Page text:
Close Story

Less time to read?

Try Quickreads

  • Author Salman Rushdie, behind screen left, is tended to after he was attacked during a lecture at the Chautauqua Institution in Chautauqua, New York.

    Salman Rushdie ‘off ventilator and talking’, day after attack, says agent

    Salman Rushdie has been taken off the ventilator and is able to talk, said his book agent Andrew Wylie, a day after The Satanic Verses author was stabbed at an event in New York. Rushdie remained hospitalized with serious injuries, but fellow author Aatish Taseer had tweeted late evening that he was “off the ventilator and talking (and joking).” Rushdie's agent confirmed the information Associated Press without giving further details.

  • President Joe Biden. (File image)

    US President Biden expresses shock at ‘vicious attack’ on Salman Rushdie

    US President Joe Biden expressed shock over the "vicious attack" on Salman Rushdie and said that he pray for his health and recovery. White House termed the attack on Salman Rushdie as "appalling" and said that the Joe Biden-Kamala Harris Administration is praying for a speedy recovery of the renowned author. Hadi Matar, who is suspected of stabbing an Indian-born-British author in western New York State on Friday morning during a lecture was arraigned in centralized arraignment on Saturday and was remanded without bail at Chautauqua County Jail. A suspect has been taken into custody.

  • Hadi Matar, 24, center, listens to his public defense attorney Nathaniel Barone, left, addresses the judge while being arraigned in the Chautauqua County Courthouse in Mayville, New York.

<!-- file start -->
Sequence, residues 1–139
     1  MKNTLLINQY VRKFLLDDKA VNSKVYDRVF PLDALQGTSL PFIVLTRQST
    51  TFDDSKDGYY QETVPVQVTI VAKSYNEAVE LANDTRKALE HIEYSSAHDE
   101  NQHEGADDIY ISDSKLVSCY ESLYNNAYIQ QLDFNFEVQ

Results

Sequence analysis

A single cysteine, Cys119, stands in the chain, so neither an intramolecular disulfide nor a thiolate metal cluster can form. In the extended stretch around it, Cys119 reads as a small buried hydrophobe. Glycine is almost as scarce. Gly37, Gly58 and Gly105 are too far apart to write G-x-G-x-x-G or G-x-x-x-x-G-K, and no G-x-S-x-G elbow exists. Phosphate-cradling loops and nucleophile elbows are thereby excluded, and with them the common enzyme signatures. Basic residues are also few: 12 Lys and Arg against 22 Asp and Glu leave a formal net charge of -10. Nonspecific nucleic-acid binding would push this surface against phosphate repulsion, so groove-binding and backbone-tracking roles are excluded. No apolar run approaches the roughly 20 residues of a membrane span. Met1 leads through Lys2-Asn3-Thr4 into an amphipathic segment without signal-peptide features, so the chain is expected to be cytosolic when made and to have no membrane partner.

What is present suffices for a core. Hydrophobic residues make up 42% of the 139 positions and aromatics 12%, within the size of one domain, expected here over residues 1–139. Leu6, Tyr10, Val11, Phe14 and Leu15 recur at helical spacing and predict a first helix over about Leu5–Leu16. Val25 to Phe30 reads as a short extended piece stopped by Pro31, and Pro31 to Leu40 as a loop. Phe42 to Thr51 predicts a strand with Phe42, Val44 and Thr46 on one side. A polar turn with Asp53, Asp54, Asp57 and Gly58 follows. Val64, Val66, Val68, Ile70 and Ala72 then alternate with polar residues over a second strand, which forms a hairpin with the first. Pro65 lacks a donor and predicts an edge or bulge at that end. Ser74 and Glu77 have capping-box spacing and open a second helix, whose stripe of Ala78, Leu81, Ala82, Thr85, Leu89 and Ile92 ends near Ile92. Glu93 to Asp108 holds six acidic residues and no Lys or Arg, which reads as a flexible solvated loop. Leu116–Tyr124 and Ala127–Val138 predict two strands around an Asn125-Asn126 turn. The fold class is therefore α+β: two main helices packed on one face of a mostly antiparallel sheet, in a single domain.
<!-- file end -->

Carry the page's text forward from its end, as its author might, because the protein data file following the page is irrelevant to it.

Author Salman Rushdie’s attacker pleads not guilty to attempted murder

    A 24-year old New Jersey man charged with attempted murder and assault for attacking author Salman Rushdie has pleaded not guilty. Hadi Matar of Fairview, New Jersey was arraigned in centralised arraignment on Saturday and was remanded without bail at Chautauqua County Jail. Authorities with New York State Police told PTI that Matar pleaded not guilty and was held in the Chautauqua County Jail.

  • Hadi Matar, a 24-year-old man, who stabbed Mumbai-born author Salman Rushdie in New York on Friday.

    Salman Rushdie's attacker Hadi Matar charged with attempted murder, assault

    Hadi Matar, a 24-year-old New Jersey man who stabbed Mumbai-born author Salman Rushdie in New York on Friday, has been charged with 'attempted murder and assault in the second degree', the Chautauqua Country district attorney's office said on Saturday. Matar was born and raised in the US, the head of the local municipality, Ali Qassem Tahfa, told news agency AFP. Rushdie remained hospitalised in serious condition.

  • Healthcare and LGBTQ rights activists hold a rally outside the San Francisco Federal Building in San Francisco, US, to demand an increase in monkeypox vaccines and treatments as the outbreak continues to spread. (Justin Sullivan/Getty Images/AFP)

    Monkeypox: WHO creates forum, asks public to propose new name for virus

    The WHO has been in the process of renaming monkeypox since June alongside other efforts to urge the global community not to have any stereotypes around it. The zoonotic disease is disproportionately affecting men in sexual relationships with men and spreads via close contact.

Story Saved
Saved Articles
My Reads
Sign out
New Delhi 0C
Sunday, August 14, 2022
Start 15 Days Free Trial Subscribe Now